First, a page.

David Ausubel was an American psychologist, who came up with the Meaningful Learning Theory, in 1963. The main focus of Ausubel’s theory is on meaningful learning. According to Ausubel, the key factor in learning is the knowledge one has already acquired. Meaningful learning is when a person interprets, relates, and takes in new information with the knowledge gained before and uses the new information to solve problems.
Educational Implications of Ausubel’s Meaningful Learning Theory
Ausubel has contributed a lot with his theories in the educational sector. He felt that for proper learning, students must connect their new knowledge with the previous knowledge gained. The educational implications of Ausubel’s Meaningful Learning Theory are:
- The teachers should take into account what was obtained by students previously and try to relate it to the new knowledge.
- Teachers should use phases, materials, contents, and ideas that connect with prior knowledge while establishing new knowledge.
- Students should be able to relate what’s being taught with their previous knowledge.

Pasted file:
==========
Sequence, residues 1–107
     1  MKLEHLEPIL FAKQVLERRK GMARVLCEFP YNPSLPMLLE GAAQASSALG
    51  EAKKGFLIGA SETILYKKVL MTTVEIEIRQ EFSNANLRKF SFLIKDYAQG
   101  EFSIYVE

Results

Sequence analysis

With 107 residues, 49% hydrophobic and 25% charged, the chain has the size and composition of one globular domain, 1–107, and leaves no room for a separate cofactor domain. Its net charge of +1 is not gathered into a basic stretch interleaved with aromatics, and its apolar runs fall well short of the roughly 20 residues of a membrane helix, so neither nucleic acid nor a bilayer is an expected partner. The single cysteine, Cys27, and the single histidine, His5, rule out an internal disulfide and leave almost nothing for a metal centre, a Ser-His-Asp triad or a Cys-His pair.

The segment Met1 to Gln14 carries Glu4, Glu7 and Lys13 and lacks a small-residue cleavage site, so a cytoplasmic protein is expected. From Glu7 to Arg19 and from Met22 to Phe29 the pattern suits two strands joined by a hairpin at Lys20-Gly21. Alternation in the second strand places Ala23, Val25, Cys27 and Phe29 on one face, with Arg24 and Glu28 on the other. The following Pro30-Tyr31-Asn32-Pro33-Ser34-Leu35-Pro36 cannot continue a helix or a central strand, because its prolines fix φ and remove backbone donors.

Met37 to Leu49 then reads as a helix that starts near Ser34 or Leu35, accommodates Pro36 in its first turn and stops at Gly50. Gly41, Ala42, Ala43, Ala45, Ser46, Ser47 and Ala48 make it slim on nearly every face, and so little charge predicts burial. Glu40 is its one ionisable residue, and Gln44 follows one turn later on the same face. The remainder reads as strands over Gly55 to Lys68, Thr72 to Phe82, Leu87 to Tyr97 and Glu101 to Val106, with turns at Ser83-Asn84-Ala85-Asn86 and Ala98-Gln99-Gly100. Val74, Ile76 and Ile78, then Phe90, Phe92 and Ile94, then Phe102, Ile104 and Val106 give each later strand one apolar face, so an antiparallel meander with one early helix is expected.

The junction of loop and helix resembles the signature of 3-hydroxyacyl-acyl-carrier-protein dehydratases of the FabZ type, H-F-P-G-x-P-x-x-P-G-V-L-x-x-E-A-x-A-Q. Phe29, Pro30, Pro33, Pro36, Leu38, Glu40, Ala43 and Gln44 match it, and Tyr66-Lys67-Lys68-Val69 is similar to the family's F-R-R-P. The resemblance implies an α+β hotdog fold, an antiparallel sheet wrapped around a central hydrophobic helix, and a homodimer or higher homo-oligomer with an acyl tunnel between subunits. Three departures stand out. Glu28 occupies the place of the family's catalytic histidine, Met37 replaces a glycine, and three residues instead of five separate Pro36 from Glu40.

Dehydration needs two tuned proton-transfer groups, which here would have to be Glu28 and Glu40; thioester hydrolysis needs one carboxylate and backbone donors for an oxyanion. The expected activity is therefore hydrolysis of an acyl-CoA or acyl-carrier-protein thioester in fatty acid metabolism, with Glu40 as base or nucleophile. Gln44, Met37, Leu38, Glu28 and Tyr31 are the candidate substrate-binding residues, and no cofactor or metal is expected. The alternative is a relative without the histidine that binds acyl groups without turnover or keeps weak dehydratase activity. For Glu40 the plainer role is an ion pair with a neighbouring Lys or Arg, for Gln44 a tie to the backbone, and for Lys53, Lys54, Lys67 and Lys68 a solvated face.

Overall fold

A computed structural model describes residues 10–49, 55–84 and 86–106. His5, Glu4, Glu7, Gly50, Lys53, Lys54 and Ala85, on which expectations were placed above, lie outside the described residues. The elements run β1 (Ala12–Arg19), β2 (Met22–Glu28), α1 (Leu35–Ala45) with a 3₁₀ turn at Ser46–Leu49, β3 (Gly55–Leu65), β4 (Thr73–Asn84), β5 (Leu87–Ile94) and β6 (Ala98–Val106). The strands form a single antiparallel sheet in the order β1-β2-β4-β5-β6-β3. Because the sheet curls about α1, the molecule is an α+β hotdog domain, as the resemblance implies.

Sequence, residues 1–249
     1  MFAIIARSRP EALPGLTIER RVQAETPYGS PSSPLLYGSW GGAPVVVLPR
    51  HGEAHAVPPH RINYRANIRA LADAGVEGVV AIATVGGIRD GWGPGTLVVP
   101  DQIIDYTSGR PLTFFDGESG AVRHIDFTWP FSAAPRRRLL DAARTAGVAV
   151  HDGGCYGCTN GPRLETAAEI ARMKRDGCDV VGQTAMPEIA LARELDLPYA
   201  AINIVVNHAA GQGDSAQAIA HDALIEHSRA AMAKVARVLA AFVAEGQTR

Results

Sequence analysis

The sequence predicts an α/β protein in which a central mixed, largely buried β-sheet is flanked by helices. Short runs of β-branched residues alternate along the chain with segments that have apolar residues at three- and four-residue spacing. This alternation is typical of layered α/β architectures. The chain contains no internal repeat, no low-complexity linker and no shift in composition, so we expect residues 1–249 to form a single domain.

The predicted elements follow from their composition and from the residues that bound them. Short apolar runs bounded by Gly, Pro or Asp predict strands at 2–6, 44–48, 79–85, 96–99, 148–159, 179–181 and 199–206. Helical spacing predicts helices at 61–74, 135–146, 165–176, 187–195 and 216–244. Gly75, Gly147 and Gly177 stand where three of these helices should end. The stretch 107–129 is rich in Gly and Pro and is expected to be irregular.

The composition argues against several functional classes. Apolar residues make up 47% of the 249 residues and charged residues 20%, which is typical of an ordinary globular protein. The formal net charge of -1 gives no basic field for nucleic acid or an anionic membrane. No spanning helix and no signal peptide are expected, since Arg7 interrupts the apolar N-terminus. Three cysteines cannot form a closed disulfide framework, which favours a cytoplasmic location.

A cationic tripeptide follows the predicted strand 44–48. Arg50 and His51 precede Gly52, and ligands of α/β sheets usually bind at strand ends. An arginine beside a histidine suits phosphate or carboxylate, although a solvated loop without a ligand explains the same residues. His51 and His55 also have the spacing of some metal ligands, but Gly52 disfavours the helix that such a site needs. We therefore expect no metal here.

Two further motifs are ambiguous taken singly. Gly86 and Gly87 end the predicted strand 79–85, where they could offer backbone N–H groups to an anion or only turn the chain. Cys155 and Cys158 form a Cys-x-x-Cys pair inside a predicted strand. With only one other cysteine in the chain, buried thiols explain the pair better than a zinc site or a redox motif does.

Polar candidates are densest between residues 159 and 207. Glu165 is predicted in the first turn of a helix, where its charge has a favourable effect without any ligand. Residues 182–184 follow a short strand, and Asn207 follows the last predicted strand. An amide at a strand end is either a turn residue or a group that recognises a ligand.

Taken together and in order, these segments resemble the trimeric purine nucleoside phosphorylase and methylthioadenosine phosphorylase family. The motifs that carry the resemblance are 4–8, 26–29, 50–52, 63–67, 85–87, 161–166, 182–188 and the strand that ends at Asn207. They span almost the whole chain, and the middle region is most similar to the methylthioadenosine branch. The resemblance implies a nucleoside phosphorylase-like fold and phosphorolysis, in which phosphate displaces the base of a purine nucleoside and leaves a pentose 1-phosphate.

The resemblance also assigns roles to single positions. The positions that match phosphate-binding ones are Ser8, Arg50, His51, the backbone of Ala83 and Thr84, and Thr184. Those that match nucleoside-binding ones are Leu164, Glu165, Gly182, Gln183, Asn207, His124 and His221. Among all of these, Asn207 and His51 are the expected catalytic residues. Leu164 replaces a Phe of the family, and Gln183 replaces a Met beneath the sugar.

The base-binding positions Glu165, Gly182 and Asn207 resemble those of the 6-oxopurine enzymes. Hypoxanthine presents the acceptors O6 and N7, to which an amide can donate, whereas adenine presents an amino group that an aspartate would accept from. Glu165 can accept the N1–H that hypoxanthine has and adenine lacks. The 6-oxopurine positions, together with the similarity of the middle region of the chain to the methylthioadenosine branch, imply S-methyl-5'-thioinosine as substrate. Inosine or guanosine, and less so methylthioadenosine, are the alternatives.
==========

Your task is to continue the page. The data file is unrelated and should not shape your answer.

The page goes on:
- Teachers should use techniques and methods of teaching that will gain the interest of the students in the learning process.
- The learning material presented to the learners should be clear and organized for them to understand.
- Teachers should use real-life examples to gather the attention of the students and make the teaching interesting.
- For meaningful learning, there should be motivation in the students which the teachers should focus on developing in the students.
Ausubel believed that learning of new knowledge depends on the knowledge already known. He believed in the idea of meaningful learning. This, according to his theory, for meaningful learning, people should connect their new knowledge with the concepts they are already aware of. The most important factor of this theory is to relate the newly gained information with the old information.